Now, the term occurs in the book numerous times. It always means an angel, that is a heavenly being created by God.   Why we should not rather take this to be an angel rather than the pastor, well that’s never been explained to me satisfactorily. If this is a reference to an individual, a human individual, it would be much more likely that he should be a man with a gift of prophecy or at least a prophet. And prophets did exist at this time in the Christian church. A prophet is an individual who receives messages from the Lord and who conveyed them to the church.  So it’s conceivable that one might have the gift of prophecy and be called a messenger, for that’s the essential meaning of the term ungalas in that sense.

But modern scholarship has generally taken the idea, taken this expression to mean, either the prevailing spirit of the church (for after all remember we are talking about a book that has many many symbols in it),  the angel being the prevailing spirit of the church — or an angelic guardian of a church of which we know very little, but of which our Lord knows everything; and perhaps even the apostle knew things that we don’t know.  So we are going to take it as an angel and we are going to take it as being an angel who acted in such a way as to be related to particular churches.

Here are a few more pages that specifically address this matter:  “Plurality of Elders” and “Is The One Pastor System Scriptural?” in more depth, coming down on the side of Believer’s Chapel:  One objection to the plurality of elders comes from an odd interpretation of the first chapters of the book of Revelation.  … This can only be seen by reading something into the text that is not there.  Nowhere in the entire New Testament is there any mention of a senior pastor having authority over a local congregation.

I also find it an interesting observation (again from an admittedly small sample of just two churches, both larger and non-denominational) that among these large churches, the church without a pastor-leader also happens to place more emphasis on Bible teaching itself, along with less discussion about church government, leadership and personality-leaders.  The senior-pastor-led church gets involved in semi-ecumenical organizations such as T4G and the Gospel Coalition, deemphasizing the “secondary” doctrines, and tends toward the briefer “standard” evangelical explanations (in contrast to more theological depth and explanation) for several specific texts.

In the long run, though, it is obviously part of God’s decretive will that most churches choose the pastor-leader model, a shortfall of human nature.  The elder-system churches may do a better job of taking all of God’s word seriously, even to the form of church government — and given the option I would attend such a church. Yet, in spite of ourselves, God has allowed many pastor-led churches to have effective and fruitful ministry.

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  1. September 25, 2012 at 5:51 pm

    The article by Mark Frees is excellant. There is no scriptural ground whatever for a one pastor leadership. In Acts 20:17 Paul gathers the elders (plural as always) and in verse 28 instructs the elders to “feed” KJV translation, or better still “shepherd” the church of God. The translation “feed” is not incorrect but the word shepherd brings out a fuller meaning of the elders responsibilities to shepherd or provide “pastoral care” for all the flock.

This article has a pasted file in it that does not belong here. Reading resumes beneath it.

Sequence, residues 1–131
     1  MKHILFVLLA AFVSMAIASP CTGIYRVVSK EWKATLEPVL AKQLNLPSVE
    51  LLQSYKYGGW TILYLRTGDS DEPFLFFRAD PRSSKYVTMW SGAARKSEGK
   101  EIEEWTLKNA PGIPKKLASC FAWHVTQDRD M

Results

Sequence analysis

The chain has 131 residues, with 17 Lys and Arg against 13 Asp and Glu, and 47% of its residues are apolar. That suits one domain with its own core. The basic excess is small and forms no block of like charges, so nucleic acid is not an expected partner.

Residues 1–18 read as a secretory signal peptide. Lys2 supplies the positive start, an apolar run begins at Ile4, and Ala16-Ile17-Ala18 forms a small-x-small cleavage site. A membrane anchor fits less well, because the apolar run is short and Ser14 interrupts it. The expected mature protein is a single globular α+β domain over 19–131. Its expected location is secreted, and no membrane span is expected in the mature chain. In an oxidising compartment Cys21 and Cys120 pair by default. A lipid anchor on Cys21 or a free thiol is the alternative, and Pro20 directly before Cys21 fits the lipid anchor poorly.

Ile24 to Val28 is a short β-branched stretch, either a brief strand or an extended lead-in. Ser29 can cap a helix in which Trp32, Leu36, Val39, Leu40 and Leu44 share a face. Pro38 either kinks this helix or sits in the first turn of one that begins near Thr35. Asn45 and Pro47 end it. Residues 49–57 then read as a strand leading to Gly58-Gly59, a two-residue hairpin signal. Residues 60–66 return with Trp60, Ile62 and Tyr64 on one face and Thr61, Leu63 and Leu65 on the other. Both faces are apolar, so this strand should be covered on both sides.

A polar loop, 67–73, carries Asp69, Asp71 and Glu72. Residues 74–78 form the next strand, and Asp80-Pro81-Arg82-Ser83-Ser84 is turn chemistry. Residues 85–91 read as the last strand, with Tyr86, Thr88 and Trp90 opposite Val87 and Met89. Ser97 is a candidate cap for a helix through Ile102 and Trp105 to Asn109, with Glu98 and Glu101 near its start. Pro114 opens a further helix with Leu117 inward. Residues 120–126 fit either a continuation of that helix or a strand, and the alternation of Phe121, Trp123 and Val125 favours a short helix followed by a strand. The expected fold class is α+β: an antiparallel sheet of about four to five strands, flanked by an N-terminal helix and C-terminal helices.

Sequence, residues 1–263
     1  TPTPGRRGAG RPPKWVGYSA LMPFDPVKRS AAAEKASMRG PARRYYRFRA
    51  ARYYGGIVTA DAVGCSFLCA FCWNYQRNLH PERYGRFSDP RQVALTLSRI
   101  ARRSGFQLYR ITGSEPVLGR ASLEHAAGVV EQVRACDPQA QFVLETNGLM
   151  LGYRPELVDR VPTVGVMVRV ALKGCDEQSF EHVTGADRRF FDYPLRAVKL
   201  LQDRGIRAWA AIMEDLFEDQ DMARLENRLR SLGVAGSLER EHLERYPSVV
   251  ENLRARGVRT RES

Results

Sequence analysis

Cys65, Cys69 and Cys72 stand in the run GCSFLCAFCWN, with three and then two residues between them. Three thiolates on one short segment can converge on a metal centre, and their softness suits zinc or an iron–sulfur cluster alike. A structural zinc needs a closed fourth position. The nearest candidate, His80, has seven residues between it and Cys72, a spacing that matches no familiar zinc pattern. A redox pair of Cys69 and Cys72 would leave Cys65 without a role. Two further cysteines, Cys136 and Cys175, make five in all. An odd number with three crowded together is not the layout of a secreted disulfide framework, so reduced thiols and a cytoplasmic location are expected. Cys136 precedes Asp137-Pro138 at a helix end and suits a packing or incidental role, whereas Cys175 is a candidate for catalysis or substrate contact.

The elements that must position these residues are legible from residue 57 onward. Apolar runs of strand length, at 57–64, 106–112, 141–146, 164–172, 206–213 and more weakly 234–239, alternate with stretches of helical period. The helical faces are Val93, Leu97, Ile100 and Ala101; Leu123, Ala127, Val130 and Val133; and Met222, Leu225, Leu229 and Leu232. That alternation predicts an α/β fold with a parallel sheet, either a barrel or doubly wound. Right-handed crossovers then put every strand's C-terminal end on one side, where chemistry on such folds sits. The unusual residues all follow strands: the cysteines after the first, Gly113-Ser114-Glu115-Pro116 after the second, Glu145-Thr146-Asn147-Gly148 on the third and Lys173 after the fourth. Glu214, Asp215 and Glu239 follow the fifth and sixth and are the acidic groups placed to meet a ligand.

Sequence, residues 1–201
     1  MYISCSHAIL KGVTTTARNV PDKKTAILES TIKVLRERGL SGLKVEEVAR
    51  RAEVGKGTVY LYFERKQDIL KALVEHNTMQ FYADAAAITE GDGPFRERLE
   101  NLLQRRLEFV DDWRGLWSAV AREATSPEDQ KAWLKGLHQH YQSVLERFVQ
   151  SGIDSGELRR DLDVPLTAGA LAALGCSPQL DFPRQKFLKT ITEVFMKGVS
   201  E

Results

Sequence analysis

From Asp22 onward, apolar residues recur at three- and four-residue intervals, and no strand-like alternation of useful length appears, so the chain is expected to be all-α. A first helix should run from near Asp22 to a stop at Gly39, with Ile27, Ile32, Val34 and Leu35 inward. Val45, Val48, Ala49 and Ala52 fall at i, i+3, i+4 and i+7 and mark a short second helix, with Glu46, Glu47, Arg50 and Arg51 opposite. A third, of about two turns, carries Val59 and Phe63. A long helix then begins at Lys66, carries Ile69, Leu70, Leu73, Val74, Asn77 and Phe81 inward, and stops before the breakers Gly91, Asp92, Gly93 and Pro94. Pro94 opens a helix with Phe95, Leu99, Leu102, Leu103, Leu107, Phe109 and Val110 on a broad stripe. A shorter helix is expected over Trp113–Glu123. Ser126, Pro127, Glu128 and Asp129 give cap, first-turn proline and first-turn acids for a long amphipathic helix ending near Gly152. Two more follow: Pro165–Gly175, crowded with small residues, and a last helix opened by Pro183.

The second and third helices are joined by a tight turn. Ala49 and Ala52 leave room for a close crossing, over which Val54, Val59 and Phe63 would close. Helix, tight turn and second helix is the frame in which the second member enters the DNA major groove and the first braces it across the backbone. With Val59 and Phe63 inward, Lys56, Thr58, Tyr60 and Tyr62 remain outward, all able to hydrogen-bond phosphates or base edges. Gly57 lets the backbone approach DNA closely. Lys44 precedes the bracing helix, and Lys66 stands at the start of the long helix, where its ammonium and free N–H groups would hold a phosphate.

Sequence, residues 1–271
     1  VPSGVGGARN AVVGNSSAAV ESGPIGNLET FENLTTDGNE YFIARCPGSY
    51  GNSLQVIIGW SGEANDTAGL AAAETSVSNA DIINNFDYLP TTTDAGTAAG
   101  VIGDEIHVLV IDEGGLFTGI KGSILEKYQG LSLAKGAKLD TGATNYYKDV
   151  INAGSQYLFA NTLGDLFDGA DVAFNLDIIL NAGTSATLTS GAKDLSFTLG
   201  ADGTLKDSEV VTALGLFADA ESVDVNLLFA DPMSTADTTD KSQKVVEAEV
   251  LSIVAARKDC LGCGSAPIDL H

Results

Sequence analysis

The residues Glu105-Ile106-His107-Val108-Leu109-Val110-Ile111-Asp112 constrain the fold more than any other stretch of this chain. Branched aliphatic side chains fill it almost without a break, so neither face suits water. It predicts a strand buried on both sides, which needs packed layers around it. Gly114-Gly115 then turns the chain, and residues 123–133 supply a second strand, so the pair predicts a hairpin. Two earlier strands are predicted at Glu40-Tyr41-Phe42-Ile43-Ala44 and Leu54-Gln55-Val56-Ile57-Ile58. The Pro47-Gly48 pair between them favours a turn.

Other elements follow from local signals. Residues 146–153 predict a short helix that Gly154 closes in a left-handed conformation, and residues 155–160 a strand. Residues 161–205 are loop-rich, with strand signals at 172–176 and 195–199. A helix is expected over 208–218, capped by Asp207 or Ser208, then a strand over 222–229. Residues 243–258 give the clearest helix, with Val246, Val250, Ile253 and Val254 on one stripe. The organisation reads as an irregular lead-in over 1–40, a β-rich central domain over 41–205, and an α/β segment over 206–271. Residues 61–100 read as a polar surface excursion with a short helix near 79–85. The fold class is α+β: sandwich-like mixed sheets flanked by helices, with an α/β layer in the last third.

In Acts 15 there was a dispute over a matter of doctrine and you find the elders – leading men and the church fellowship working together to solve the problem. There is not one mention of a pastor as they were never appointed in the early church, nor should they be today.
    I have seen so much failure amongst “pastors, TV preachers etc where respect becomes adulation which in turn becomes idolatry, resulting in very immoral failure in those who allow such.
    John the Baptist had it correct:- I must decrease that He (Christ) may increase.
    You will not be liked for preaching the truth on this matter, as I know only too well, but keep on speaking “the truth in love” and God will honour you.
    May God bless,
    Neil Schoch.

    • September 27, 2012 at 11:22 am

      Thanks, Neil. Yes, I’ve noticed that personality-leader effect too often, and find that I prefer the teaching and Biblical view of churches such as Believer’s Chapel and a few others I’ve found online.

  2. Marleen Pomaiba
    April 8, 2014 at 9:09 pm

    You are not alone at all in your belief about the senior pastor…there is only one and that is Jesus. We have known for years that the whole position is a man made tradition and it can get lonely when one tries to tell the status quo that it isn’t in the scriptures….but more and more people are learning that for various reasons and some cases, had some pretty bad experiences with the ” man on the top situation. It’s nice to see others who share the same idea. Very refreshing actually!!

    • April 9, 2014 at 7:06 am

      Thanks for the comment, Marleen. Yes, we’re definitely in the minority in today’s society regarding the biblical view of a church and its leadership.